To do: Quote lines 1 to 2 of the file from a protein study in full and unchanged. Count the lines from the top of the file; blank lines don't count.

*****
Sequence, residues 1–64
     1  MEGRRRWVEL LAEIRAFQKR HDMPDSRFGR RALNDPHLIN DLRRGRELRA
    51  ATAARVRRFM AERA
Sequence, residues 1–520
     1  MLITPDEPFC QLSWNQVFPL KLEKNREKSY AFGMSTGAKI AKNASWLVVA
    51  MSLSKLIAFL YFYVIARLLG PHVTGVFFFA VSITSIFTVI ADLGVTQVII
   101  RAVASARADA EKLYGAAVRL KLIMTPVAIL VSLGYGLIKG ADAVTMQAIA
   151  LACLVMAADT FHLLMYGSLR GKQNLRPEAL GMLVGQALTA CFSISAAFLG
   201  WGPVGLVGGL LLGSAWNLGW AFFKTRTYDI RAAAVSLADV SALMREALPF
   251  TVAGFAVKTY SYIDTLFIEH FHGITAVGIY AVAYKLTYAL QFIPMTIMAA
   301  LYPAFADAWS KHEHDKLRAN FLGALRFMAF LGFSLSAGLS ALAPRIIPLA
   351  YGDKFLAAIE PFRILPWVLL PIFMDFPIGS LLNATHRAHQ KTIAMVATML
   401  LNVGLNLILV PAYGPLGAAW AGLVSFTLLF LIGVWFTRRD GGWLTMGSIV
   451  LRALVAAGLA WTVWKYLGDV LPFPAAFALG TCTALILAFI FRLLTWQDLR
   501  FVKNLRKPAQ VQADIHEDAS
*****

Sequence, residues 1–64
     1  MEGRRRWVEL LAEIRAFQKR HDMPDSRFGR RALNDPHLIN DLRRGRELRA